- More than half say they’re cutting back on or delaying dental care
- More than one-third have delayed medical care
- More than 20% said they were stretching medications
- Nearly 20% had let go of or cut back on medical insurance coverage
See Also: Los Angeles Inflation: How Chapter 7 Bankruptcy Can Provide Relief
Making Smart Decisions about Cost-Cutting
We all have to cut corners or find a way to reduce expenses from time to time, and in 2022 people across the country and around the world are in that situation together. Some experts are warning that we may be heading into a recession, meaning the financial landscape may get worse before it gets better.
As you navigate those changes, it’s important to recognize which expenses you can reasonably cut and when it’s time to find a more lasting solution. If times are tough, you can probably do without your streaming services, your $8 morning latte, and even your family vacation for a few months, a year, or even longer.
But, if you’re skipping meals, not filling your prescriptions, delaying medical care, and otherwise putting your longer-term health and welfare at risk, it’s time to examine your options. That may mean checking into whether you qualify for assistance with food, medical expenses, housing, and other essentials.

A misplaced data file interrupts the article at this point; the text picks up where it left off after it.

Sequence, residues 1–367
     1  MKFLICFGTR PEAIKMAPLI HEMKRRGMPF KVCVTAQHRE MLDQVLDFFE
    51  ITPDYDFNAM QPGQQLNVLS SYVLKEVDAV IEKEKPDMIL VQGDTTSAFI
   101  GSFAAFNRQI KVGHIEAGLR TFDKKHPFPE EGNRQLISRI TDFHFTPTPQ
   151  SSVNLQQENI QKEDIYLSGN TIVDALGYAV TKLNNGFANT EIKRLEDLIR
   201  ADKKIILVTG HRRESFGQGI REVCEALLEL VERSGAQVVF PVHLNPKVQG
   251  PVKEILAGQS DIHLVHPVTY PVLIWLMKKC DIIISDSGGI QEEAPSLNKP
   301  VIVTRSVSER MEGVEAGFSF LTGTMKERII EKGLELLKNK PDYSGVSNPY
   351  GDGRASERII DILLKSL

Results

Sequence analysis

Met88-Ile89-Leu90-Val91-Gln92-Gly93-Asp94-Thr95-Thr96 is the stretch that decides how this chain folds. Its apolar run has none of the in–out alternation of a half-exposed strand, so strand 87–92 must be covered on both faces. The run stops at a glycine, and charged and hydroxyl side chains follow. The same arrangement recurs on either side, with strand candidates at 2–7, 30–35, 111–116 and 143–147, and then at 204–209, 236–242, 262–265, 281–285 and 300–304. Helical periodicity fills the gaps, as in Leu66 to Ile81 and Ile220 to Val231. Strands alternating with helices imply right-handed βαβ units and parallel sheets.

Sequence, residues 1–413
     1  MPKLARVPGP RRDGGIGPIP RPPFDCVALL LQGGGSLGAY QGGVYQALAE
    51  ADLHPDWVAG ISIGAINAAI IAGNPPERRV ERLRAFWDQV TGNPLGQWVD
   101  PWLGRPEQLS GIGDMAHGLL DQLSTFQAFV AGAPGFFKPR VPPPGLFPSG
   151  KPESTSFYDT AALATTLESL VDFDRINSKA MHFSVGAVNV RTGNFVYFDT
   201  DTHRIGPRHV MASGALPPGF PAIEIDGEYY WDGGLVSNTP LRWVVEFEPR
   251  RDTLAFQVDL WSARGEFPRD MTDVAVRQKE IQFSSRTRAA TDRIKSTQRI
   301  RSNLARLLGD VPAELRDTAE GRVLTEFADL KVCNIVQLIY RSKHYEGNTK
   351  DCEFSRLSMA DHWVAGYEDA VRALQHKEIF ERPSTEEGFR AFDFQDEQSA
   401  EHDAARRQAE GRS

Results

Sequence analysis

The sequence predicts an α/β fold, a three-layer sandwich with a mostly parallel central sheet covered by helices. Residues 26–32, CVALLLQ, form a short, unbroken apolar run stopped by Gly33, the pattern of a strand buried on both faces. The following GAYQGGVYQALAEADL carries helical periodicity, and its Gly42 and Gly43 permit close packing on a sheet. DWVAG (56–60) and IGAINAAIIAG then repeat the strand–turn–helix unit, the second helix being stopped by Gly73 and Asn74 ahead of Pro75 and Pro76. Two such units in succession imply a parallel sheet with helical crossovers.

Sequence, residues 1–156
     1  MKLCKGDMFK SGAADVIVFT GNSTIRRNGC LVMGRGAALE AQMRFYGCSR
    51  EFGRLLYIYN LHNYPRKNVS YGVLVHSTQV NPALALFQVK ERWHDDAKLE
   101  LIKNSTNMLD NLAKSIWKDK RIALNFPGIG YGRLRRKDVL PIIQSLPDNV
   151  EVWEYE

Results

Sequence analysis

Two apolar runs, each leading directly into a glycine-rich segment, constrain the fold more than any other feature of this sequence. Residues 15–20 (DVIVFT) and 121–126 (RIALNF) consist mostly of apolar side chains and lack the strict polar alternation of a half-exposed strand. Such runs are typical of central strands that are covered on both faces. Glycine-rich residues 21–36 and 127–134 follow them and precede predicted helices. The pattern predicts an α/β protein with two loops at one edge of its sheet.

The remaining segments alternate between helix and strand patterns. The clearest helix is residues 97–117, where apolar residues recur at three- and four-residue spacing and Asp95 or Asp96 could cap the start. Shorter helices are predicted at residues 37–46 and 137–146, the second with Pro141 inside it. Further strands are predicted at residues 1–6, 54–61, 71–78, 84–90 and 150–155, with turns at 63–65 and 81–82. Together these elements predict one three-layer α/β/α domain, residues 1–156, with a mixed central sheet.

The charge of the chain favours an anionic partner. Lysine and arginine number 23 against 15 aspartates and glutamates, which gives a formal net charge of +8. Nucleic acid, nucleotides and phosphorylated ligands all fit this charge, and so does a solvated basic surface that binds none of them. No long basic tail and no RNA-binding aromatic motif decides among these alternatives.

An expert tip from Barry
It may mean making one more significant cut, such as sharing a car with your spouse for a while and eliminating an auto loan payment and half the cost of your car insurance. Or, it may mean exploring how you may be able to get out from under debt, such as discharging credit card debt in Chapter 7 bankruptcy.
At Borowitz & Clark, we’ve devoted our practice to helping people in and around Los Angeles who are struggling with debt. If you’re stretched too thin and unsecured debt such as personal loans, credit card debt, medical bills, and payday loans is eating up funds you could be using for essentials, learn more about how we may be able to help. Just call 877-439-9717 or fill out the contact form on this page to schedule your free consultation.